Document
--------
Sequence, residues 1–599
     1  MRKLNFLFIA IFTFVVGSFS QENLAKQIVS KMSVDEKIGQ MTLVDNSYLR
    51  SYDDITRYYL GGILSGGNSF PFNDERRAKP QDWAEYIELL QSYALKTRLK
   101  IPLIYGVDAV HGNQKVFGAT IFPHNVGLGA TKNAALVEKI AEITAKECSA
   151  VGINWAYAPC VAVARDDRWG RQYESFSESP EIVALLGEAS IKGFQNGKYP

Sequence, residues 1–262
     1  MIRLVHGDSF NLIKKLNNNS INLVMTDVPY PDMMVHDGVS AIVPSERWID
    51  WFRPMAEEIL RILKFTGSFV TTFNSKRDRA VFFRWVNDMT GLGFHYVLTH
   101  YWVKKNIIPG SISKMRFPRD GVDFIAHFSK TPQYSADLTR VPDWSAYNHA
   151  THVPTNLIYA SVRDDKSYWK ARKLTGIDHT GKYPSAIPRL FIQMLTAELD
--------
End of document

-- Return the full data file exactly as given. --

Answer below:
Sequence, residues 1–599
     1  MRKLNFLFIA IFTFVVGSFS QENLAKQIVS KMSVDEKIGQ MTLVDNSYLR
    51  SYDDITRYYL GGILSGGNSF PFNDERRAKP QDWAEYIELL QSYALKTRLK
   101  IPLIYGVDAV HGNQKVFGAT IFPHNVGLGA TKNAALVEKI AEITAKECSA
   151  VGINWAYAPC VAVARDDRWG RQYESFSESP EIVALLGEAS IKGFQNGKYP

Sequence, residues 1–262
     1  MIRLVHGDSF NLIKKLNNNS INLVMTDVPY PDMMVHDGVS AIVPSERWID
    51  WFRPMAEEIL RILKFTGSFV TTFNSKRDRA VFFRWVNDMT GLGFHYVLTH
   101  YWVKKNIIPG SISKMRFPRD GVDFIAHFSK TPQYSADLTR VPDWSAYNHA
   151  THVPTNLIYA SVRDDKSYWK ARKLTGIDHT GKYPSAIPRL FIQMLTAELD